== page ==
Myth: “If you build it, they will come.” With everyone competing for the attention of your audience, how can you ensure that you are creating a website that appeals to your target audience?
I like to compare the homepage of an organization’s website to a house’s front door. If someone is shopping for a “home” to invest their resources in, the first thing they will judge is the entry way. If you have 2 houses standing next to each other and one has a fancy entry way and the other has either a boring, paint-peeling facade, a potential buyer is going to be more attracted to go in the nicer entry first.
If you are considering building or redesigning your site, there a few key things you should consider before diving into the graphic designs and implementation. Many are listed in the presentation I gave at the 2010 Nonprofit Technology Conference (access the presentation below). Here a few of the main takeaways:
- Analyze any prior web traffic: If you use Google Analytics or another tool, look and see where traffic is going. More importantly, find out where users aren’t going. With this information, you can make decisions on how to consolidate information in to other locations, reorganize your site map or identify links to external sites that may be drawing users away from your site.
- Refer to the scientists: There have been many website eye movement tests that analyze what attracts a viewer’s eye and where the “valuable real estate” on a page is. Conclusions included that the upper left of a page is the highest viewed area, headlines draw eyes before pictures and more.
- Study Results: http://www.poynterextra.org/eyetrack2004/main.htm
- People look for the 5 Ws on a homepage: Who (are you)? What (do you do)? Why (should I be interested)? Where and When? (if related to an event). Consider your homepage your visual “30 second pitch” or “Elevator Speech”. You have a limited amount of attention from a visitor. Use it wisely to convey your main message.
- Colors are important: Not all people see things the same way. In our eyes, we have the least amount of receptors for the color blue. As we age, the blue receptors are the first ones to go. This doesn’t mean don’t use blue, it just means that you have to be careful of blue text on certain backgrounds like green, grey, etc. Before you pick your site colors, test out the different font color options and make sure that they can be read by all audiences.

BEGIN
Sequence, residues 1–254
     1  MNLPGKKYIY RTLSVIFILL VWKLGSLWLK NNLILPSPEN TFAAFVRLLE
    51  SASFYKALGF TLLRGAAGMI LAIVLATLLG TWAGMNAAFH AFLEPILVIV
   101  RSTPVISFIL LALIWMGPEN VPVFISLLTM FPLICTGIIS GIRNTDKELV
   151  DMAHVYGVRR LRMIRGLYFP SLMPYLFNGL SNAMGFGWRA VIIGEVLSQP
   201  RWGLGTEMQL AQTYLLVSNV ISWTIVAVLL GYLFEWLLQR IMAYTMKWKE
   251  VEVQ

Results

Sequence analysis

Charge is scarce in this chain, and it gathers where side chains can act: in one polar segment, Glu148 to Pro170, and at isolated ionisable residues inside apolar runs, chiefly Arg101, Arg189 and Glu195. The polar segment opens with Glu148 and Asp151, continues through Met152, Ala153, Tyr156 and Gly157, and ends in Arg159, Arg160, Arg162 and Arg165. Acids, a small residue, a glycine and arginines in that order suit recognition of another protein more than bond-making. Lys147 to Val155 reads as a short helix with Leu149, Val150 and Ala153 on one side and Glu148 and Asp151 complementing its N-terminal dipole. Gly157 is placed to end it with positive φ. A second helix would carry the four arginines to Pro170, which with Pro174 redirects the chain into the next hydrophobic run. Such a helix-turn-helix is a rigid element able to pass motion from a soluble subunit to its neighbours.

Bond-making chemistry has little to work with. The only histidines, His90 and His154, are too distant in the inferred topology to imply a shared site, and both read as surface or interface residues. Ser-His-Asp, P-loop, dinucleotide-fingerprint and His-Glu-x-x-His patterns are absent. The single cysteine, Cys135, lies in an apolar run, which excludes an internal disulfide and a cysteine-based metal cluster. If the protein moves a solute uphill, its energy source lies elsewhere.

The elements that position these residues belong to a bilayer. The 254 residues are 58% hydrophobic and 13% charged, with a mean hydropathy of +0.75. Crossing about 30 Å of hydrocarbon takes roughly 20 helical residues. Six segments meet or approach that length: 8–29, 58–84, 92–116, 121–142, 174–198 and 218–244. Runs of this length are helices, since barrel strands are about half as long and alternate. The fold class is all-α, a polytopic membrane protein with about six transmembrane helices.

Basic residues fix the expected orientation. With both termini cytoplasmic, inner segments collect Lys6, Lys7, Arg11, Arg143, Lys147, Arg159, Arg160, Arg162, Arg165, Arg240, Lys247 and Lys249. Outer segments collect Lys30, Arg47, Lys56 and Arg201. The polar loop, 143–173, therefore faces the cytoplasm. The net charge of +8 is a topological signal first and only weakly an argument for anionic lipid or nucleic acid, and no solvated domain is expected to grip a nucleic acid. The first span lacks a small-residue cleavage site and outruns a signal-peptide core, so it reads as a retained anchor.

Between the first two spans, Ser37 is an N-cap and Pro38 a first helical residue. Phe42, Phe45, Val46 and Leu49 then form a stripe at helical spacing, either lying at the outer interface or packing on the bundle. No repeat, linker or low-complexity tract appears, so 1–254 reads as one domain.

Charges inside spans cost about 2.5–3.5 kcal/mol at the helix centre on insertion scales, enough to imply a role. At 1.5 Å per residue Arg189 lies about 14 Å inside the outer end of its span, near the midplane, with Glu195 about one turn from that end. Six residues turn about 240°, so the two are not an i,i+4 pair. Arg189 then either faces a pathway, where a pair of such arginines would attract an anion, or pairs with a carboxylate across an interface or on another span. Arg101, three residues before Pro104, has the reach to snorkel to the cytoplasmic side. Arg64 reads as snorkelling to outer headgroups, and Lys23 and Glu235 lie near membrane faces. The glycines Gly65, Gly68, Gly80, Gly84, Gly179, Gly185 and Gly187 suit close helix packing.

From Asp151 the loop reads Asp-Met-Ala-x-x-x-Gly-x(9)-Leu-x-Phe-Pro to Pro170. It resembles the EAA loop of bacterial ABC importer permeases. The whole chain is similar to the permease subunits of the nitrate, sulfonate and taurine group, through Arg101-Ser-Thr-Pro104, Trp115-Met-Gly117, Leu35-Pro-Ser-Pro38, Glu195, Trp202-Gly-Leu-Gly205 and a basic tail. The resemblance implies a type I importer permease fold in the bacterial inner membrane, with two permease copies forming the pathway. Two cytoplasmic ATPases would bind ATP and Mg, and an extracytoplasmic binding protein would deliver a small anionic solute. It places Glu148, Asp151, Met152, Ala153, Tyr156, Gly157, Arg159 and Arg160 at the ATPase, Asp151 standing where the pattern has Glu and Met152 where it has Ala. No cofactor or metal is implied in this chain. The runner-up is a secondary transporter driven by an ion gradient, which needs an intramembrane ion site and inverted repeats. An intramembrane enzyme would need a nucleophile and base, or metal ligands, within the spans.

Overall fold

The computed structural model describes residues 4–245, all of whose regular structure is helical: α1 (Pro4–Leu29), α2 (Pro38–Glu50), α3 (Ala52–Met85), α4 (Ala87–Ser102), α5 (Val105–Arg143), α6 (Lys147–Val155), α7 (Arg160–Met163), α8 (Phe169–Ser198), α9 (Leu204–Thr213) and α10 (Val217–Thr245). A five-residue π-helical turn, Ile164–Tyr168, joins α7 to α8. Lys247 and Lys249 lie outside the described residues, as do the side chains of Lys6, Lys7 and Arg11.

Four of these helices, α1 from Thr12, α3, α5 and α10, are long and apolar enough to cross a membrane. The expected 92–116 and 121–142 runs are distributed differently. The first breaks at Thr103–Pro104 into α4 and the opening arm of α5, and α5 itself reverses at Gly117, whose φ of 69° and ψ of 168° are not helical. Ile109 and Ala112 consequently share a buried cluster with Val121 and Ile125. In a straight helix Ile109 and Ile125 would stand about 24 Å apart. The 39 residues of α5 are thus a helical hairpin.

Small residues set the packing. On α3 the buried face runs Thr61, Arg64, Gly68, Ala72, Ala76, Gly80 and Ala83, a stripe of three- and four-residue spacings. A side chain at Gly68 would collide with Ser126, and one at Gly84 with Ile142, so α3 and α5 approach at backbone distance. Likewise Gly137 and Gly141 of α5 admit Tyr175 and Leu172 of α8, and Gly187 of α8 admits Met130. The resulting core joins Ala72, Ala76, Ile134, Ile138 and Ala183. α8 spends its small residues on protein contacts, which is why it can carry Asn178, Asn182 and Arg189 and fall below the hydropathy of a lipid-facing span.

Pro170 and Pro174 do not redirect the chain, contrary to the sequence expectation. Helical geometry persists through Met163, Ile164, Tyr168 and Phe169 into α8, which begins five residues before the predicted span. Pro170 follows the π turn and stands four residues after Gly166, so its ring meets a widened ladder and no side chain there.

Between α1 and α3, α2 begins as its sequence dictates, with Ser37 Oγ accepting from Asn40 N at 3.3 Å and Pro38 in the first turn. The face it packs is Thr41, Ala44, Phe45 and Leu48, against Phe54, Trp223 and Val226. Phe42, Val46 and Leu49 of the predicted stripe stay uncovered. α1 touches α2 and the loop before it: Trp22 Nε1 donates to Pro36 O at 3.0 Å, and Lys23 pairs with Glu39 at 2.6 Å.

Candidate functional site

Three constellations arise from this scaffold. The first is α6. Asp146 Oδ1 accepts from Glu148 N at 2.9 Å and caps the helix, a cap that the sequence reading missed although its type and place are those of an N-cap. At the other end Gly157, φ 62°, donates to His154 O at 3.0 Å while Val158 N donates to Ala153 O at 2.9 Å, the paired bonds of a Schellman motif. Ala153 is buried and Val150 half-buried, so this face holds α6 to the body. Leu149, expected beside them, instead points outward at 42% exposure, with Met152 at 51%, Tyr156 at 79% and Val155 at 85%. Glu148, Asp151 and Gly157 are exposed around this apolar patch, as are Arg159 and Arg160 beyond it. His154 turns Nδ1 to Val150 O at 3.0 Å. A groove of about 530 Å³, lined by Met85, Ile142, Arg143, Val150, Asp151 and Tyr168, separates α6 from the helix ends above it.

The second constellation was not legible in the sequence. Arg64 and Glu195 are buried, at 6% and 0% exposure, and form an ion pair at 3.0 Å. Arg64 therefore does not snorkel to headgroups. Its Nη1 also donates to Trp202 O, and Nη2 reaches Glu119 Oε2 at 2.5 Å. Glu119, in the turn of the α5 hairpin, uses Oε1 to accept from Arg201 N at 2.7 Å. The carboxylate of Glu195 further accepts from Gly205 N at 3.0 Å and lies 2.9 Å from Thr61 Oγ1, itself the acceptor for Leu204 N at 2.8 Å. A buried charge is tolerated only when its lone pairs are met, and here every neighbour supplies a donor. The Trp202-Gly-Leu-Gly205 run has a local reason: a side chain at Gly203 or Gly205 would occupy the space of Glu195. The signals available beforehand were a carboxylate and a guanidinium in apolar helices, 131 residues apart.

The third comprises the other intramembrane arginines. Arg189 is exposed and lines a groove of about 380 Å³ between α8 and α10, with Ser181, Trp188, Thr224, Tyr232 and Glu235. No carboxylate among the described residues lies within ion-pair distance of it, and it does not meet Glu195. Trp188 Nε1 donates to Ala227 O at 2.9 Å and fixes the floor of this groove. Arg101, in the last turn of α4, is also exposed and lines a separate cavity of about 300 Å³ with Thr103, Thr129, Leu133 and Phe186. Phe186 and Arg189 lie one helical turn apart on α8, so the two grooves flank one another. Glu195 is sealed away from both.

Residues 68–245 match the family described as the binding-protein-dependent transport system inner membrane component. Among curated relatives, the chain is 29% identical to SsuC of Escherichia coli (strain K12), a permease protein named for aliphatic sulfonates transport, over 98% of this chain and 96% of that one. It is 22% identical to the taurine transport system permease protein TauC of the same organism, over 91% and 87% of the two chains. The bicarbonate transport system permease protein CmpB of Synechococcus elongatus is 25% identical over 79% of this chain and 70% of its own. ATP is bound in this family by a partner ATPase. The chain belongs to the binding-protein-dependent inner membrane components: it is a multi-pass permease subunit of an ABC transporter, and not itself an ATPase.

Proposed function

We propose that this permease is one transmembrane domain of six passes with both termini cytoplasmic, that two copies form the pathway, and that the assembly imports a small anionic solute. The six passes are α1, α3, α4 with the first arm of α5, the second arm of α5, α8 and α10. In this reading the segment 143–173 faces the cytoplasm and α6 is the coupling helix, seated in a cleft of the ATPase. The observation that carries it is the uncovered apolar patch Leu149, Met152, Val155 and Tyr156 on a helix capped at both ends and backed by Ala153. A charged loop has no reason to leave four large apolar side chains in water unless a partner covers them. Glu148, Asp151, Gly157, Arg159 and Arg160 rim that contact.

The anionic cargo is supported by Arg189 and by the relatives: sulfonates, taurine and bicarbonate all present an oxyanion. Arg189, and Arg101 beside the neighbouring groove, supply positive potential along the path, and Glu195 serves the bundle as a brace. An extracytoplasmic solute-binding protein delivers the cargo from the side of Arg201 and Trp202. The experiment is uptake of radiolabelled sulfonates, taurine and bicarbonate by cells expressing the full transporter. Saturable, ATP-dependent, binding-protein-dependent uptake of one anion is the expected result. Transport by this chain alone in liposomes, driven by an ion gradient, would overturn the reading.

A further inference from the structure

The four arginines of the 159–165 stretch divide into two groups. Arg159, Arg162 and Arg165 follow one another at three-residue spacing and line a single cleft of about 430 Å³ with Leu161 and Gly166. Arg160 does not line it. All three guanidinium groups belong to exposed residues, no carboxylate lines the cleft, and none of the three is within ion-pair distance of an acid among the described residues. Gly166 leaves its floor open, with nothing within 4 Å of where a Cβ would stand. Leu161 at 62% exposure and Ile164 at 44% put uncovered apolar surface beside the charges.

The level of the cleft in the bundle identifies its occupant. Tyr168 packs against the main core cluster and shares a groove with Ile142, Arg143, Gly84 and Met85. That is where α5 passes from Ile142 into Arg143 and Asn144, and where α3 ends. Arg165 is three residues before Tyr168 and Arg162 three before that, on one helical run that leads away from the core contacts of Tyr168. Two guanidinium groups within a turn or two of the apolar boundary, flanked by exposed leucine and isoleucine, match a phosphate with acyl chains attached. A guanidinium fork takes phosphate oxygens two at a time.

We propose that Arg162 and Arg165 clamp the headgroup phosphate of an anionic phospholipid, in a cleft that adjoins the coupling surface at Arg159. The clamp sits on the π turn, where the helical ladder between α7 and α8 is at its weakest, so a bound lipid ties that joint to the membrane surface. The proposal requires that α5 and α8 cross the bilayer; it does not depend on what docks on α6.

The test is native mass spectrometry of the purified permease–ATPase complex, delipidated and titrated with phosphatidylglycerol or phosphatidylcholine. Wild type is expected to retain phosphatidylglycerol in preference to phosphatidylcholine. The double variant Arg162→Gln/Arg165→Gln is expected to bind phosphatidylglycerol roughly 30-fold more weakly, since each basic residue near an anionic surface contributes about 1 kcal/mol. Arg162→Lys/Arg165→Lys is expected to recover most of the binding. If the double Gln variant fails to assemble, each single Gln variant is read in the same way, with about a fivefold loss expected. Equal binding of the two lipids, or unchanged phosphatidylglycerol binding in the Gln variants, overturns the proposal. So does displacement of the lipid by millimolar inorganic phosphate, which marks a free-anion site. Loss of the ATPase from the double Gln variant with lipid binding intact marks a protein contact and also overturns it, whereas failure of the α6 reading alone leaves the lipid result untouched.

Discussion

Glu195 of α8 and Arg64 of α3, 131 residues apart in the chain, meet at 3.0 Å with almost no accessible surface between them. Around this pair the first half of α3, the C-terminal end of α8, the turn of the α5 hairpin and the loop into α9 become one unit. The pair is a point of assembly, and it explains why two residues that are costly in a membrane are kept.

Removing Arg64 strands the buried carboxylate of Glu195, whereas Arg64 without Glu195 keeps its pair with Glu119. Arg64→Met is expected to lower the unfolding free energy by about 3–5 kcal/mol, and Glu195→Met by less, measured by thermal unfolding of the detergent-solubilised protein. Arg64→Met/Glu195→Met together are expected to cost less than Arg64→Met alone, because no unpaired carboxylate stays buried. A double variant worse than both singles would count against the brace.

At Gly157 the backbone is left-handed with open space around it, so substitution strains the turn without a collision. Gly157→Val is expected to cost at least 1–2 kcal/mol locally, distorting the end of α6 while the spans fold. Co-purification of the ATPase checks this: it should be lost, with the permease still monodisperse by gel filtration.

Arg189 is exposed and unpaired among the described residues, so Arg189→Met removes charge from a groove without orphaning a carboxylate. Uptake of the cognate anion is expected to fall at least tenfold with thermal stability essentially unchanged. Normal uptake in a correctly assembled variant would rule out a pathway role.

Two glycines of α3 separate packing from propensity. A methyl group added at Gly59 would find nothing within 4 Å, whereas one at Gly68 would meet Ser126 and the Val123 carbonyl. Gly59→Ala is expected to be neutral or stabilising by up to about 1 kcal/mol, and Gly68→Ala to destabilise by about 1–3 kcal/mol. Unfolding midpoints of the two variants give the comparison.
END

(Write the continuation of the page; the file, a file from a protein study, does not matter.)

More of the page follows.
- Keep it simple: If there is too much going on when someone views the homepage, it is likely they may miss the key message or action item. Chose your top 2-3 actions that you want your audience to take (i.e. Donate, Register, Request More Info, etc) and highlight them with graphic buttons and repeat it in the navigation. Make it clear what the call to action is and you will find your users gravitating towards it.
- Make it even more simple: Yup, it’s so important I am highlighting it twice. Not only does this apply to your homepage design, but your navigation. Try to limit the choices people have and ensure they don’t have too many options to try to find information, otherwise they will get frustrated or lost. For example, try to keep all general information about who you are on one “About Us” page instead of breaking it out into multiple pages: Our Mission, Our History, Our Staff, Our Story, etc. You have the power to funnel people to read the main messages that you feel are important.
Many times as designers and technical people, we get caught up in the fancy tools, tricks and capabilities of advanced technology these days. But the key to building or redesigning a great website is to make it easy for a user to visit and do or get what they need. So as you are making your plans and choosing between fancy flash, images and simple buttons, keep asking yourself if your choices make things better for your user.
PS – If there is only one thing you take away from this, or are looking for one Twitter appropriate sentence, let it be this: Web Design – Because you can? Or because you should?